3 April 2008 – A remote Scottish island community has given overwhelming approval to develop a 2 MW tidal energy project, which will be the first in the country.
The isle of Islay has backed the Islay Energy Trust (IET) to lead the development of Scotland’s first commercial-sized tidal energy project in collaboration with The Robert Gordon University (RGU), Aberdeen.
The proposed project is likely to consist of four to six turbine devices installed in the Sound of Islay. The development phases are expected to cost up to £750 000 ($1.5m) and take around three years to complete. Once in operation, revenue would be generated from electricity sales.
It is hoped to complete the pre-feasibility study, which will evaluate potential tidal resources, locate possible sites for the underwater turbines, and prepare for the environmental impact assessment by the end of this summer.
No decision has yet been taken on the type of technology to be installed. The process of selecting a suitable tidal device will be based on a set of technical, commercial and environmental criteria and subject to independent verification.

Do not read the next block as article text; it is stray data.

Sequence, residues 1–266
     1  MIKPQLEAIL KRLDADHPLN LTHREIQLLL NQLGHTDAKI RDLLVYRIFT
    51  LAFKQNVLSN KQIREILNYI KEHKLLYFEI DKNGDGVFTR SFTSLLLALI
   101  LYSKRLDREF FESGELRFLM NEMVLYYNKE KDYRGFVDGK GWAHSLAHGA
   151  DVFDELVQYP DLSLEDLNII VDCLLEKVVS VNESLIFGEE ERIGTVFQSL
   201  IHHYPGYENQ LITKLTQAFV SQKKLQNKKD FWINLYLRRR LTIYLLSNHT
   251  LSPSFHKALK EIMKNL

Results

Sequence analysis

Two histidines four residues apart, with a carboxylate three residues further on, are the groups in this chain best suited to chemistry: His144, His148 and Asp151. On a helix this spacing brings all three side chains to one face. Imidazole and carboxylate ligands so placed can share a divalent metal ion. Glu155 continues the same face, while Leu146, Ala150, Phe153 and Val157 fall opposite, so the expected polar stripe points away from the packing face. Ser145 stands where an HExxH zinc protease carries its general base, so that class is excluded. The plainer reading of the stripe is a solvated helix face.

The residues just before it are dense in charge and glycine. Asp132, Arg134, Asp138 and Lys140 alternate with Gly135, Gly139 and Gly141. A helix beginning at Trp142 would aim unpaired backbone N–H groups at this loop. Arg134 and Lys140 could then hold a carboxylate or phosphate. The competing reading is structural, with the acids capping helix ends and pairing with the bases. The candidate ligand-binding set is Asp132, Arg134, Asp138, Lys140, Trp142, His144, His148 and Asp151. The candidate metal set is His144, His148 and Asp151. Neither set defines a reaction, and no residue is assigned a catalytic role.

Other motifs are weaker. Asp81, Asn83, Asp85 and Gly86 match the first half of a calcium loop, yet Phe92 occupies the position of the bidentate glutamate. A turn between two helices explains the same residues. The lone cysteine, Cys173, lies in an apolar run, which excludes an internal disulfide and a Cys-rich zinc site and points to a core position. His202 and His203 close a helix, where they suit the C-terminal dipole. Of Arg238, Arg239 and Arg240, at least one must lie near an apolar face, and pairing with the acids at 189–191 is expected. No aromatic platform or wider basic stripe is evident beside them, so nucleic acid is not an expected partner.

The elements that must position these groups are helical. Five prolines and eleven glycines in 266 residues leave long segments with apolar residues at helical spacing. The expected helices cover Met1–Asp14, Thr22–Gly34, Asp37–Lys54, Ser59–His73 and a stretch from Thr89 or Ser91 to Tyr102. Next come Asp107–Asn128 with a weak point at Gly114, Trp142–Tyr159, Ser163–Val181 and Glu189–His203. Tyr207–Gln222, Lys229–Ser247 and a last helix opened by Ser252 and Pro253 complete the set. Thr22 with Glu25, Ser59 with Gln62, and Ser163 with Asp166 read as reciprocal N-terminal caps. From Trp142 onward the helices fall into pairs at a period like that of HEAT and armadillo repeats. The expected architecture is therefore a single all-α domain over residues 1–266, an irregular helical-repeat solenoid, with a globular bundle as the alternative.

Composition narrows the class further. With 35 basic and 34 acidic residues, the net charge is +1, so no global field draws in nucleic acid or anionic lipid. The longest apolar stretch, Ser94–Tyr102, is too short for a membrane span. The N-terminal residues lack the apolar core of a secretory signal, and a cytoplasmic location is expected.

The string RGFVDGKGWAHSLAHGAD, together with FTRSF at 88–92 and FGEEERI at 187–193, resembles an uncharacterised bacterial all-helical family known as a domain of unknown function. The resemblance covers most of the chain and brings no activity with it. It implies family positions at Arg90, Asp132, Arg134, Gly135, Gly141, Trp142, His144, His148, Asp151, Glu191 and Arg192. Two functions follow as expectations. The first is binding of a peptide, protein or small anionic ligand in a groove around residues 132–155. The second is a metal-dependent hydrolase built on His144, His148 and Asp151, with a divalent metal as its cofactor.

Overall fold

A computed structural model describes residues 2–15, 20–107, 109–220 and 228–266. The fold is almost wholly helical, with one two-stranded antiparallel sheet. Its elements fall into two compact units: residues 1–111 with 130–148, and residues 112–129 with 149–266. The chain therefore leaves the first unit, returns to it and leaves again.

IET and RGU will be consulting widely with stakeholders, including the Crown
Estate, local fishermen, ferry operators Caledonian MacBrayne and Argyll & Bute Council, tidal technology developers, the Scottish and Westminster Governments, Scottish Natural Heritage.
Islay is already home to the world’s first commercial wave power station – Wavegen’s Limpet at Portnahaven. This new proposal to develop tidal resources would represent a major step forward in the commercialisation of tidal energy exploitation, which could ultimately generate sufficient electricity to supply around five per cent of the UK’s demand.
It is estimated that marine energy could comprise around one-third of Scotland’s renewable energy resources; in particular, the seas around the Isle of Islay, hold significant potential, second only to those around the Orkney Islands.